The truth is that the use of colour increases brand recognition by 80%. But colours do not have a universal meaning: each culture associates different properties with each chromatic shade. The perception of colours is linked to our individual experiences and our place of origin.
The perception of colours for men and women
An essential element that must be taken into consideration is the sex of the audience that will have to see it: several studies have shown that males and females have different colour preferences.
Analyzing the image above we can see how some colours, for example green and blue, are appreciated by both sexes instead of purple, which only attracts the female sex.
It is not just a matter of taste, but according to a study published in Biology of Sex Differences, men and women do not see things in the same way for real, which could have deep roots in human evolution.
According to the research, conducted by psychologist Israel Abramov of Brooklyn College, women are better able to distinguish colours, while men are more adept at identifying fast-moving objects and catching details in the distance: which, according to scholars, could be the result of an evolutionary adaptation linked to our past as hunter-gatherers.
It could be explained by considering that the two sexes have developed different psychological abilities to better respond to their roles in prehistory: male hunters “would have been better able to identify possible prey or predators from afar”, while females, gatherers, could have adapted so you can more easily recognize static objects, such as berries and fruits, by colour.
And as with other sensory systems, such as smell and hearing, it was so evident that men and women have differences.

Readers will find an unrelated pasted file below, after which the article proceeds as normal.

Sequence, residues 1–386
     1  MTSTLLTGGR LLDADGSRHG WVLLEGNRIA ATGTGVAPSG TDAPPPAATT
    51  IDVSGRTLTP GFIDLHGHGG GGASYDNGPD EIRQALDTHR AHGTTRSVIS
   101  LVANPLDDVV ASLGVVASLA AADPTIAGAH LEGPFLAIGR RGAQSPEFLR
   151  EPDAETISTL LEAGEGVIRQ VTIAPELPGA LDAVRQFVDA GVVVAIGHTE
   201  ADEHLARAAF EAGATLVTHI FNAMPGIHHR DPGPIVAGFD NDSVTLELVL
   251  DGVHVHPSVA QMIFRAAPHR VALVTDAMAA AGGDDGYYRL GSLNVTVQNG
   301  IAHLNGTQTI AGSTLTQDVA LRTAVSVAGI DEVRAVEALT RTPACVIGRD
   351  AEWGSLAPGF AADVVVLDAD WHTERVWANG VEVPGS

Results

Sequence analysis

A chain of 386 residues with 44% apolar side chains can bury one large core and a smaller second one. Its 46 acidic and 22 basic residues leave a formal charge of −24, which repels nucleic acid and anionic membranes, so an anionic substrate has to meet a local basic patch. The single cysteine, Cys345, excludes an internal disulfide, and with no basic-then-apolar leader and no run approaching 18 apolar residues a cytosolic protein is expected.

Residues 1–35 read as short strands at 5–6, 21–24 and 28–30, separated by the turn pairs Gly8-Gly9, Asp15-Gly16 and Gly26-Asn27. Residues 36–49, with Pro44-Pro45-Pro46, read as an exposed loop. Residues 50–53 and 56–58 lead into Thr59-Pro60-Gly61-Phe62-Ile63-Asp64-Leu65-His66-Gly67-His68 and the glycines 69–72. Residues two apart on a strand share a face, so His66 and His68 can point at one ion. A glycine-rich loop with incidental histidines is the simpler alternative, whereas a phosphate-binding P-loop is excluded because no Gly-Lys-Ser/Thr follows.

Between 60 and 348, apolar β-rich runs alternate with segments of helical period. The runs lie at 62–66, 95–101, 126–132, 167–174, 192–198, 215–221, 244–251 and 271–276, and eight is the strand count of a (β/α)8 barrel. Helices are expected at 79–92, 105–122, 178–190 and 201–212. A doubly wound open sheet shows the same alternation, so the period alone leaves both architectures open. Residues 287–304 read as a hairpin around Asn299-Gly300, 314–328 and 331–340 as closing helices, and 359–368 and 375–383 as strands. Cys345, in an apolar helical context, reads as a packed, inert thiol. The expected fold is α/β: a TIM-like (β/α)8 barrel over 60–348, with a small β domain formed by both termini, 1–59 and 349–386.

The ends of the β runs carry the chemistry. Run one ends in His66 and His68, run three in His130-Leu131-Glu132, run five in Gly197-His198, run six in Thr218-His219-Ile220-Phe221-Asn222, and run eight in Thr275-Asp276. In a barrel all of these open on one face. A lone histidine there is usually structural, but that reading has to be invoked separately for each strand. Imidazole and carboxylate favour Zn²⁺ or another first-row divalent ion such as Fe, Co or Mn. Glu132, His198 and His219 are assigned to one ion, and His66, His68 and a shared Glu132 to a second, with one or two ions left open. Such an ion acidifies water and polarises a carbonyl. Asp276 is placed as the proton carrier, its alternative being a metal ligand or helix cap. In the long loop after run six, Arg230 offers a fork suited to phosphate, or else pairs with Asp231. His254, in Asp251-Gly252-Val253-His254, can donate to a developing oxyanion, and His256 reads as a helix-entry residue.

So the choice of colours should be made after a reasoned targeting of the personas that may be most suitable for our strategy.
Call to action: which colour palette is a better choice to generate conversions
There is no universally valid method to understand which colour palette to use for our brand. However, we can refer to the so-called “isolation theory“, according to which people recognise and memorise a graphic element better when it stands out due to its visual characteristics, entirely from the environment that surrounds it.
There are two ways to generate this visual effect:
- Creating a visual structure based on analogous colours and generating the contrast of the call to action with their complementaries (also works with tertiaries)
- Using a palette of only three elements for the whole website: a background colour, a structural colour and an accent colour (used only on elements that stimulate the user’s attention)
As we have seen, there is no univocal answer to the question, so it is not possible to establish in advance which is the best method to use, other than to turn to the science of neuromarketing.
You will see that you will regularly increase traffic and conversions once you adopt the best solution for your site.